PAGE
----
The Ideal Climate for Health Care Facilities

Joe Duggan, Communications

February 04, 2022

Architects design some truly stunning medical buildings these days, but what about the design work between the brick and the drywall?

One affects how you feel about the space; the other affects how you feel while in the space.

The precise climate control, ventilation, and lighting of the surgical suite. The resilient power supply for critical monitors in the ER. The lavatory in each exam room. These and other highly complex systems that help enhance patient outcomes belong to the realm of mechanical, electrical, and plumbing (MEP) engineers. 

The MEP professionals at Olsson take no offense when people overlook what’s behind the walls and above the ceilings. That just means the systems are functioning as designed.

“Frankly, most people don’t care unless it doesn’t work,” said Tom Schleisman, associate mechanical engineer at Olsson. “People take for granted that their space is cooled sufficiently, it’s heated appropriately, and their plumbing fixtures work. That’s what it’s supposed to do.

The Fountain Point Medical Community in Norfolk, Nebraska, showcases the full spectrum of services Olsson can provide to health care clients.

 

 

In 2017, ground was broken for the 73,000 square-foot medical facility owned by a group of independent physicians. Described as a unique alternative to other hospitals in Nebraska, the facility is the centerpiece of a 55-acre development managed by Chief Construction & Development (Chief) and includes space for assisted living/memory care residences and apartment housing. Chief contacted Matt Rief, Olsson’s Greater Nebraska General Civil team leader, and we brought in the architects at Davis Design to fill out the project team.

Olsson provided civil and structural engineering services to the project, but it was the MEP aspects that required the greatest amount of communication and coordination, according to Becky Zoubek, an Olsson mechanical/electrical design technical manager who served as project manager for Fountain Point. We worked with our partners to coordinate multiple planning meetings, which included a few late nights to accommodate the demanding schedules of our physician clients.

 

 

Our team helped plan a facility that features a surgical center, an imaging center, recovery rooms, and a laboratory to support more than a dozen medical specialties. In addition, the building includes medical office space.

“They all had different needs because there were a lot of practices and specialties coming together in one facility,” Becky said. “There was a lot of space planning, and discussion and collaboration to make everything work.”

 

 

Ryan Ideus, an electrical design technical manager for Olsson, said he especially enjoyed the project because it allowed him to incorporate creative lighting solutions in lobbies and other shared spaces. As for the electrical wiring, Ryan collaborated with contractors and specialized medical equipment vendors to ensure the final installation was as seamless as possible. He also worked with Andrew Ohlman, Olsson’s electrical subject matter expert who specializes in low-voltage systems.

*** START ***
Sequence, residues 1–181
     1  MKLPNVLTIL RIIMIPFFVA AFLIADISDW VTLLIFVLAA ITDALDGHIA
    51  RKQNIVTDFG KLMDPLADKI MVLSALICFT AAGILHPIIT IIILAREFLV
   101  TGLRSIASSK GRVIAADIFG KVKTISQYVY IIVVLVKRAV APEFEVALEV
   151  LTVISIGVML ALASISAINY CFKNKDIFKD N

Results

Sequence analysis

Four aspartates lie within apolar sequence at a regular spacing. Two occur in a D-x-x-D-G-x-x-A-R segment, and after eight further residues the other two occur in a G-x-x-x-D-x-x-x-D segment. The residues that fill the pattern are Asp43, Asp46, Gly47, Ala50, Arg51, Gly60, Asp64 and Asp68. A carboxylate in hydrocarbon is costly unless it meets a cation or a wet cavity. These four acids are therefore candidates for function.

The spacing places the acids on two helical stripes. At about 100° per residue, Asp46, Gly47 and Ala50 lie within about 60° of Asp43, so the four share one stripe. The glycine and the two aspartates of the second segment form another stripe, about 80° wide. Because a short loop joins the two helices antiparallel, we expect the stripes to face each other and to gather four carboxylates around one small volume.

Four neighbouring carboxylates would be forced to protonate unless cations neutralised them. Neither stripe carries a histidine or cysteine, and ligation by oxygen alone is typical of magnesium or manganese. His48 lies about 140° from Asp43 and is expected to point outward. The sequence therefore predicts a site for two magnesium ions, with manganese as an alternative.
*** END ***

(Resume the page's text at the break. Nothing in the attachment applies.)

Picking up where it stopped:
“It was challenging but fun to figure that out and coordinate with the mechanical engineer and the architect to ensure there was space on the wall for everything,” Ryan said. “It’s detail-oriented work that takes a lot of communication.”

Tom Schleisman, the engineer who handled the mechanical designs, said the surgical suite fell under the more stringent mechanical codes written for hospitals.

“In operating rooms, they have very specific humidity and temperature requirements,” Tom said. “We designed a variable air volume system for the facility, which required a lot of duct work. The project required a lot of systems – water filtration, boilers for hydronic hot water, and specialized control systems for the operating rooms. It really was a fun and challenging project to be a part of.”

 

 

The project was delivered on time and on budget. One key to keeping such a complex project on track was the fact that so many of the essential engineering services were provided by Olsson.

“This project shows the breadth of services that Olsson can deliver,” Becky said. “We have the depth in our teams to provide all necessary resources, which translates to efficiency, hitting deadlines, and serving our clients.”

Fountain Point Medical Community began serving patients in Norfolk and northeast Nebraska in late 2019.

 


 

Olsson has the specialized technical experience and depth to bring a wide range of medical facility projects to completion.

Olsson’s Lincoln/Omaha/Des Moines Mechanical, Electrical, and Plumbing (MEP) team is led by Tyler Fritz, whose professional experience includes major hospital projects in Texas, Colorado, Arizona, Oklahoma, Kansas, and other states. We have reinforced our health care capabilities with the recent additions of Eric Granzow, mechanical technical leader who has 20 years of experience in the industry; Tyler Jensen, mechanical/electrical project engineer who has 10 years of health care experience; and Dan Rudolph, Olsson’s commissioning agent who has 25 years of experience, much of it focused on health care projects.

Reach out to Tyler at 720.233.3630 or tfritz@olsson.com.

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